WHO Pharmaceuticals Newsletter 1998, No. 03&04
(1998; 18 pages)
Table of Contents
Open this folder and view contentsRegulatory actions
Close this folderDrug surveillance
View the documentAcetylsalicylic acid and NSAIDs - OTC availability: increased potential for adverse reactions
View the documentDrug-induced depression - review
View the documentMidazolam - paradoxical reactions in children
View the documentSelective serotonin reuptake inhibitors (SSRIs) - neonatal disorders
View the documentSumatriptan - fatal outcomes
View the documentVenlafaxine - review of adverse reactions
Open this folder and view contentsNew developments
View the documentRecent approvals
Open this folder and view contentsMedical devices
Open this folder and view contentsGeneral information
Open this folder and view contentsVeterinary medicine

Selective serotonin reuptake inhibitors (SSRIs) - neonatal disorders

Australia. The Adverse Drug Reactions Advisory Committee has received several reports of effects on the neonate associated with the use of selective serotonin reuptake inhibitors (SSRIs), including fluoxetine, fluvoxamine, paroxetine and sertraline.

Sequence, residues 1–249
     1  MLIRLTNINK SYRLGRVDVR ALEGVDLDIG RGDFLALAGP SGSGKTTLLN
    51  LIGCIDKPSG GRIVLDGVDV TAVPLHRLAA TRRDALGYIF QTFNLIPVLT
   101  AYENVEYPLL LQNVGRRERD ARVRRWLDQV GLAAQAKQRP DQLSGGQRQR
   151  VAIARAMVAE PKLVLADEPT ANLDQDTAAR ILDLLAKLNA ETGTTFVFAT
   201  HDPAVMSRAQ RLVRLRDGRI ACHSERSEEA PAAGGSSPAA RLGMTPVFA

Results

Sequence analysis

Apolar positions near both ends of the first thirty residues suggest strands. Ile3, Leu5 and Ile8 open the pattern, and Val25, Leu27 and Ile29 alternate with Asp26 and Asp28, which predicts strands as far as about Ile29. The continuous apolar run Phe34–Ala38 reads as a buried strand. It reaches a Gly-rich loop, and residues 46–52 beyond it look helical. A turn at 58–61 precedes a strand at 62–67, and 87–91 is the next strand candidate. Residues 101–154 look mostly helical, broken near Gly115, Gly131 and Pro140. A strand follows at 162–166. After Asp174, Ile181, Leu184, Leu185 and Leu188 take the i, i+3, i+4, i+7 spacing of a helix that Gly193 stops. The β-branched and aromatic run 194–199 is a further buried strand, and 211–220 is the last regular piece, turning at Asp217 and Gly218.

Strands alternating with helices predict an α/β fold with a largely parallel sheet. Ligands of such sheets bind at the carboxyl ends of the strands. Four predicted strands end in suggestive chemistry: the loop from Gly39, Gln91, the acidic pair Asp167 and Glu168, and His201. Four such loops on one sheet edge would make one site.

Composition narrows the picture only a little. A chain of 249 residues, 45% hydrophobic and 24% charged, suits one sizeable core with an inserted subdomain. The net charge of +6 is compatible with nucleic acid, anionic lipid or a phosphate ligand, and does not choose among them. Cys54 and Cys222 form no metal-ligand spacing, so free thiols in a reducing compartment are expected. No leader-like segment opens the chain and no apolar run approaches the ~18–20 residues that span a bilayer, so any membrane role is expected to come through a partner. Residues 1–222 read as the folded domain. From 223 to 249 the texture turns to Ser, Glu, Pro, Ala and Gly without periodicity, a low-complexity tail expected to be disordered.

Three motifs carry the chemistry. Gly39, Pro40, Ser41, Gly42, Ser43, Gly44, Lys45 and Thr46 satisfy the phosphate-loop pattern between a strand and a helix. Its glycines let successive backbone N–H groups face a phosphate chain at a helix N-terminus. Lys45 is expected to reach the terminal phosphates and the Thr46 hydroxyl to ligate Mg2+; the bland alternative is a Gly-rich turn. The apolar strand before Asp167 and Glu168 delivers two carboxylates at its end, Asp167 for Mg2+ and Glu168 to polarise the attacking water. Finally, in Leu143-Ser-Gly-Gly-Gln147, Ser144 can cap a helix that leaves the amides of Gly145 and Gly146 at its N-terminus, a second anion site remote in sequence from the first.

Four reports describe withdrawal reactions in neonates whose mothers had taken SSRIs throughout their pregnancies. These reactions were generally characterized by tachypnoea, irritability, jitteriness, fever anorexia, cyanosis and possibly convulsions. The effects in all four cases appeared to resolve spontaneously.

Another four reports relate to probable breast milk transfer since they all refer to breast-fed babies. These reports include one case of hyperglycaemia and glycosuria; two cases of agitation and one case in which the baby became somnolent, with low muscle tone, hearing problems and suspected developmental difficulties.

Reference: Australian Adverse Drug Reactions Bulletin 16(4): 14 (1997).

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